Food for Thought

by Destinee Cushnie-Mason

Welcome to “Food for Thought,” a blog series designed to be exactly that! By delving into the intricate connection between gut health and mental well-being, this blog aims to stimulate your mind and your tastebuds and provoke thoughtful reflection on how nutrition influences mood. We aspire to equip you with valuable insights into taking charge of your gut health and empower you with practical dietary adjustments that can profoundly impact your mental wellness. Follow along weekly and savour the exploration!

5. Ultra-Processed Foods: What Are They and Should I Be Eating Them?

You may have heard the term ultra-processed food (UPF) being used a lot in the media recently. This category of food has attracted a lot of attention due to their potential harm to health. This week will be a whistlestop tour into what UPF is and whether or not we should be eating it.

The definition of UPF still isn’t crystal clear – but it includes foods with lots of additives, sugar and fat, low fibre content, and it’s often wrapped in plastic. In the UK, the majority of food we eat can now be considered UPF. This wasn’t always the case, but the convenience and low price of UPF have caused a shift towards ready meals, pre-packaged snacks and sweetened fizzy drinks; so home cooking and the consumption of whole foods is decreasing.

Recent research has linked high UPF consumption with a range of conditions including obesity, heart problems, diabetes, and mental illness. Some studies suggest that some of these effects are due to damage to the gut microbiome. So, if possible, reducing the amount of UPF we eat is a sensible move.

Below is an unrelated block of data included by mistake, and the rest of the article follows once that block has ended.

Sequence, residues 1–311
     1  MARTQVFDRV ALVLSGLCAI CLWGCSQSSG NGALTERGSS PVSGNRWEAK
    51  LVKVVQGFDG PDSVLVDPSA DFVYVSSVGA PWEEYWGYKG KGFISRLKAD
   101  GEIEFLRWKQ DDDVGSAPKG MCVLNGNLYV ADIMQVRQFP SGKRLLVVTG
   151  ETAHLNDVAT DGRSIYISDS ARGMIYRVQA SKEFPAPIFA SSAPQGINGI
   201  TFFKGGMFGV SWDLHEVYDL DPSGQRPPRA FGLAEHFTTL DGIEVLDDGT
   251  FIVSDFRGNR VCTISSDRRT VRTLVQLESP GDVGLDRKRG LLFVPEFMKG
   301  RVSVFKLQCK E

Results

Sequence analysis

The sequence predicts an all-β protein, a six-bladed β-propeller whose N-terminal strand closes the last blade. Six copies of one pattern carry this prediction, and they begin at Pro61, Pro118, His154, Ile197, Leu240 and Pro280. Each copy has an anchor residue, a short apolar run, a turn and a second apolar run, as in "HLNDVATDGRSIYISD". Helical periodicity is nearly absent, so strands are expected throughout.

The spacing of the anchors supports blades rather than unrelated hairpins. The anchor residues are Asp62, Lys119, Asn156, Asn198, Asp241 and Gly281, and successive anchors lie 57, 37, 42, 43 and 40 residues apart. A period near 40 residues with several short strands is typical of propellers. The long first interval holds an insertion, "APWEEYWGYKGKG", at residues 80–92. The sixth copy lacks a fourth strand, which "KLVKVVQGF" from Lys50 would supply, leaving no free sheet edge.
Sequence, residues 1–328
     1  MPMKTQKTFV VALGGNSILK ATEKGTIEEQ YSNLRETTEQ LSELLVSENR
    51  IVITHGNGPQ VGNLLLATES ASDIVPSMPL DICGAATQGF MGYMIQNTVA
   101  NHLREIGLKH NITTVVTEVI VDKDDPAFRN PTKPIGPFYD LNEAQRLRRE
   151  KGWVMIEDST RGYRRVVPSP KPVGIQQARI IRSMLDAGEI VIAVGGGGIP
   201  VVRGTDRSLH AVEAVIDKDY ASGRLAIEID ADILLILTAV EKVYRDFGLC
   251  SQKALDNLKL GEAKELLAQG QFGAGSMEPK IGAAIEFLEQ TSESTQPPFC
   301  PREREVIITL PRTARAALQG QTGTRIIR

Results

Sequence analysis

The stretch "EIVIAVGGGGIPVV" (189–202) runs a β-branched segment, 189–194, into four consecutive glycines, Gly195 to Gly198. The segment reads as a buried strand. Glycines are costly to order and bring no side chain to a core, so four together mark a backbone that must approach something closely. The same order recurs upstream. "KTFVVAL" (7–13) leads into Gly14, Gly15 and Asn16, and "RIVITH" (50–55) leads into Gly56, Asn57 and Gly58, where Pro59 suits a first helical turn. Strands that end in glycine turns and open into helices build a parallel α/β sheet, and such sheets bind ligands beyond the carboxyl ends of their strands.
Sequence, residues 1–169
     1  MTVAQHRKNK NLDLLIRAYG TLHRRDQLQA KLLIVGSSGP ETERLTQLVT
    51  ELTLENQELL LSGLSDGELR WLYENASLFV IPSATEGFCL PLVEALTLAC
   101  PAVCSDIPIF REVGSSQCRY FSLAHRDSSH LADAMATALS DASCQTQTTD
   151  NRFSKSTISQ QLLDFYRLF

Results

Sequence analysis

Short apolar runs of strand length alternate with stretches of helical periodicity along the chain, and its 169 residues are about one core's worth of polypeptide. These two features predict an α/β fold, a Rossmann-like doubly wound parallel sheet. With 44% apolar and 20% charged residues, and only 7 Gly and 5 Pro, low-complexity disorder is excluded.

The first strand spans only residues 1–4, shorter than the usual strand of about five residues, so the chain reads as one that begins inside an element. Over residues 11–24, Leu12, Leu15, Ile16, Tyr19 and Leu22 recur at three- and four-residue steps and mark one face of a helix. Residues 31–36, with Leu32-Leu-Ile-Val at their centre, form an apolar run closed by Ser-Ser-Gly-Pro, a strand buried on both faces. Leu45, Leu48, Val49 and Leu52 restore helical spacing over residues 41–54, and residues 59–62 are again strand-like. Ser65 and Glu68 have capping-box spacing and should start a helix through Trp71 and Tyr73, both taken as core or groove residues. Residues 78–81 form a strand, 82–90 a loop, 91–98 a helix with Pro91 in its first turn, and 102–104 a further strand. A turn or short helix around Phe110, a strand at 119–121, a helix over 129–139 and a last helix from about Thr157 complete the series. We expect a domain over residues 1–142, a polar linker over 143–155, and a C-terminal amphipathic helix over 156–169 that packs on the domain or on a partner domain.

Yes, in an ideal world, we’d all be cooking all our perfectly balanced meals from scratch from the best ingredients. But this isn’t realistic for most of us. In fact, those struggling with mental illnesses may rely on ready meals, especially during hard times when finding the motivation and energy to prepare a meal is just too much. And as a future nutritionist, I dislike the concept of demonising foods. It is the responsibility of the food industry to ensure that their products are sufficiently nutritious. So, I will not be telling you what not to eat… Instead, here are some ideas to ensure that you can live your best life at your capacity:

Tips and swaps:

  • When you feel able, try to prepare meals incorporating what we’ve previously discussed.
  • Make life easier for yourself – there’s nothing wrong with using tinned beans, tinned tomatoes or pre-chopped or frozen vegetables!
  • If you don’t feel able to cook, how about engage with the Hammersley Homes Volunteer services to help you? Or perhaps attend a community meal and meet new people at the same time.
  • Ready meal night? Choose one with a shorter list of ingredients and more veggies and pulses. Or eat it with a small side salad.
  • Snack-time! Have some gut-friendly alternatives readily accessible to you for when those cravings hit. Fancy a snickers – try some dark chocolate, peanuts and dates. Nuts, dried fruit and whole-grain crackers are great cupboard fillers. Having fresh fruits on hand is a good option instead of sweets – berries are an amazing brain food!
  • If you love a fizzy drink, try sparkling water with some lemon or lime juice (fresh or bottled) for a refreshing alternative.
  • Focus on addition, not subtraction. Instead of worrying about what to avoid, shift your attention to how you can incorporate some of the tips we’ve previously learned and gradually increase the amount of foods you eat in their natural or minimally processed form.
  • Aim for better, not perfect. Small steps are still steps! It’s their direction that matters.

Its important to remember that no one food will heal the gut, nor will it cause harm. It’s the accumulation of lots of very small improvements over time that have the biggest impact on our mental and physical health. It’s not easy to change the way you eat, start with some small additions to your diet and celebrate every achievement!

Do you have any questions about this topic? Ask down below and I’ll get back to you!

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